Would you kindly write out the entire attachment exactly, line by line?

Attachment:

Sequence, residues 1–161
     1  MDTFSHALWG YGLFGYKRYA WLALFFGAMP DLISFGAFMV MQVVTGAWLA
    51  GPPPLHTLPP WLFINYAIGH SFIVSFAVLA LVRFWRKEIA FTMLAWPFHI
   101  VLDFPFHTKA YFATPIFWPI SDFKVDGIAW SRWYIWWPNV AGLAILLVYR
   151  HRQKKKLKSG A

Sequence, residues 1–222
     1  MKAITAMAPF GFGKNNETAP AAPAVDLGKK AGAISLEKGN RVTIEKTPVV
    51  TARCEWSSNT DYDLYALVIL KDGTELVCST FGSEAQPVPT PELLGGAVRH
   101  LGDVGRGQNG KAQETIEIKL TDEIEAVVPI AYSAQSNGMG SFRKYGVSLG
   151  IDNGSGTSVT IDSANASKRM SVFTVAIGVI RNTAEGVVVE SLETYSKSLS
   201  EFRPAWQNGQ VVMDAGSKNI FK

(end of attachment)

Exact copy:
Sequence, residues 1–161
     1  MDTFSHALWG YGLFGYKRYA WLALFFGAMP DLISFGAFMV MQVVTGAWLA
    51  GPPPLHTLPP WLFINYAIGH SFIVSFAVLA LVRFWRKEIA FTMLAWPFHI
   101  VLDFPFHTKA YFATPIFWPI SDFKVDGIAW SRWYIWWPNV AGLAILLVYR
   151  HRQKKKLKSG A

Sequence, residues 1–222
     1  MKAITAMAPF GFGKNNETAP AAPAVDLGKK AGAISLEKGN RVTIEKTPVV
    51  TARCEWSSNT DYDLYALVIL KDGTELVCST FGSEAQPVPT PELLGGAVRH
   101  LGDVGRGQNG KAQETIEIKL TDEIEAVVPI AYSAQSNGMG SFRKYGVSLG
   151  IDNGSGTSVT IDSANASKRM SVFTVAIGVI RNTAEGVVVE SLETYSKSLS
   201  EFRPAWQNGQ VVMDAGSKNI FK